Although he supported authorizing force in Iraq in 2002, he has increasingly spoken out against the war.[3] Earl Pomeroy supported the House resolution opposing George W. Bush's troop surge plan in February 2007. He said in a floor speech,[4] "We take care of our soldiers over [in Iraq] by making sure their deployments are only for acceptable periods and at acceptable intervals, with enough time at home in between to heal, to rest, and to train. But beyond these things, we take care of our soldiers over there when we as a Congress make certain the mission they have sent to perform has a reasonable chance of success.

"In a war where so many tragic mistakes have been made, this Congress must not sit quietly by while additional plans are cooked up in Washington whose only certainty is to accelerate the loss of American lives, compound the already severe strain on our military capabilities, and accelerate the burn rate of American dollars spent in Iraq. ... Without the commitment between the warring parties in Iraq to stop the killing, and create a political agreement upon which a national government can exist, 20,000 more U.S. soldiers are not likely to bring about a lasting peace."

Health care[edit]

Pomeroy voted for the Affordable Health Care for America Act in November 2009, stating that the bill was far from perfect, "but so is our present system."[5]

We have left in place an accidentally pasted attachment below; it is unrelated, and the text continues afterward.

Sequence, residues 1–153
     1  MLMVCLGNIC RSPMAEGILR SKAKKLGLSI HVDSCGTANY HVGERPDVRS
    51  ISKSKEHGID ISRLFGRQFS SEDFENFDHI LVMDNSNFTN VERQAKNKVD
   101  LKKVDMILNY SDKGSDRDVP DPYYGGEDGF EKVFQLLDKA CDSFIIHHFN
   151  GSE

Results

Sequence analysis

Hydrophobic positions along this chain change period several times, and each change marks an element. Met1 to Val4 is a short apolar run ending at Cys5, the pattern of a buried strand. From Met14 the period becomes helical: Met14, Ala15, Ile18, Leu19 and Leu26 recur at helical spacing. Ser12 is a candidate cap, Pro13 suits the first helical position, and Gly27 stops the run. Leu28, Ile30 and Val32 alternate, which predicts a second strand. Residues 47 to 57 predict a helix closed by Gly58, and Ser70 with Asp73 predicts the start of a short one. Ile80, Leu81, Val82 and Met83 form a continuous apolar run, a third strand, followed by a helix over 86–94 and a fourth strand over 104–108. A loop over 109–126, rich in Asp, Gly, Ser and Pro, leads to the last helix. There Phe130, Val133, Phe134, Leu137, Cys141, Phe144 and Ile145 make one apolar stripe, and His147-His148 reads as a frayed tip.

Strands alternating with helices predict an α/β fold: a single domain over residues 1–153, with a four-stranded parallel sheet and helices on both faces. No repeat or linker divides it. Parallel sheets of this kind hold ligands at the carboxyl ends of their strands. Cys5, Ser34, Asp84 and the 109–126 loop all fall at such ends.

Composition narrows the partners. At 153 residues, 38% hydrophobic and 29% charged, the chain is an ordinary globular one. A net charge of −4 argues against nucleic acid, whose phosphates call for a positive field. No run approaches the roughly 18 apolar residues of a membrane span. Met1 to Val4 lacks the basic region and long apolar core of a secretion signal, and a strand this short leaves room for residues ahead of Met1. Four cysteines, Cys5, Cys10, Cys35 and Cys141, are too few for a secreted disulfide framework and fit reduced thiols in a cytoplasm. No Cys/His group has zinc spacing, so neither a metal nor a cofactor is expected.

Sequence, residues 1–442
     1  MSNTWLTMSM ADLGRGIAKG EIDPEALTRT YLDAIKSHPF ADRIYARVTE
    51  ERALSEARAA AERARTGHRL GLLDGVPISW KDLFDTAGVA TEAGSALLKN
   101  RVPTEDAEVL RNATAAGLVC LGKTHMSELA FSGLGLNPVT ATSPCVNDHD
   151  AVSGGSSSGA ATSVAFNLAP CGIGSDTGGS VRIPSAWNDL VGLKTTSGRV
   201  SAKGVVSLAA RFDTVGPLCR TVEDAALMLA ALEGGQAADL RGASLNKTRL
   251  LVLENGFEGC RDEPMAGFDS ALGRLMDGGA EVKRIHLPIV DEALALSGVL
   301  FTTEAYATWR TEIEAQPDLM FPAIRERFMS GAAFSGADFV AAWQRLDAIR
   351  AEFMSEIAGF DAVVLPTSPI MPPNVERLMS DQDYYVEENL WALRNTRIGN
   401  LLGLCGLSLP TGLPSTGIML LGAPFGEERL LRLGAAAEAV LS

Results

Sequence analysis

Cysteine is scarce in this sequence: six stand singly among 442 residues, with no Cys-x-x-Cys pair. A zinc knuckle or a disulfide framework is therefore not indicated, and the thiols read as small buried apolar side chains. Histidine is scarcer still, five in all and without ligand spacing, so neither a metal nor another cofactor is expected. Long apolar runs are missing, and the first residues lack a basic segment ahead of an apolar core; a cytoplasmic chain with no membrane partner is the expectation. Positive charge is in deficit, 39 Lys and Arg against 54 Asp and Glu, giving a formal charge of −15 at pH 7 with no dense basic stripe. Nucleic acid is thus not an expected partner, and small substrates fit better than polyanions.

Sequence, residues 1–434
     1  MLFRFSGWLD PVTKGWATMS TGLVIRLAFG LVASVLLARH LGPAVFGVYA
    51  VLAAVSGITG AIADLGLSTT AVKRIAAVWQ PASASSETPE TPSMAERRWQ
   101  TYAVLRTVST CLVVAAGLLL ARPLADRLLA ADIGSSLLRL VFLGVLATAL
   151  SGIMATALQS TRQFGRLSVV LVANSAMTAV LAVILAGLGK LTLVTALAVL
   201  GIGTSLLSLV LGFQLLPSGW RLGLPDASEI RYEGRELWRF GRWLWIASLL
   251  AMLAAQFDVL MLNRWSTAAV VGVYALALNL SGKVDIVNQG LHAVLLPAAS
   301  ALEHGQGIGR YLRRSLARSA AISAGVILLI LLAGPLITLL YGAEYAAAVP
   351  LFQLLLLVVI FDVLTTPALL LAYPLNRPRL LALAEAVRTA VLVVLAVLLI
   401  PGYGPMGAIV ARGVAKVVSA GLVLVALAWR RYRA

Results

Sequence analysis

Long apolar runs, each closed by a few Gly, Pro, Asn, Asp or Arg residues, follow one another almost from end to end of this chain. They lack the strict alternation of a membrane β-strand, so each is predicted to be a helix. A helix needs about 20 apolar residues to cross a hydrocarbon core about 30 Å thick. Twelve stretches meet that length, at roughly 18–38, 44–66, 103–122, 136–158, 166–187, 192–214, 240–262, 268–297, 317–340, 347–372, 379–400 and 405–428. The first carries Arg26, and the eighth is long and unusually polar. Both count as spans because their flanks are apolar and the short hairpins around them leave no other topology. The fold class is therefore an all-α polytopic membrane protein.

Adoption tax credit[edit]

Pomeroy strongly supported legislation allowing parents to deduct adoption expenses they incurred. On the day of the vote, Pomeroy brought his daughter whom he and his wife had adopted from South Korea, onto the House floor.[6]

Political campaigns[edit]

Pomeroy was first elected to the U.S. House of Representatives in 1992. Until recently, he did not gain the victory margins scored by North Dakota's two Democratic Senators, Kent Conrad and Byron Dorgan. Until 2004, he never won more than 57 percent of the vote. However, in 2004 he was reelected with almost 60 percent.

2006[edit]

Pomeroy faced Republican Matthew Mechtel in the 2006 general election, easily winning re-election to his eighth term. He received a larger percentage of votes (65.68%) than in his previous elections.

2008[edit]

In 2008, Pomeroy easily retained his seat in the House of Representatives beating Republican Duane Sand.[7]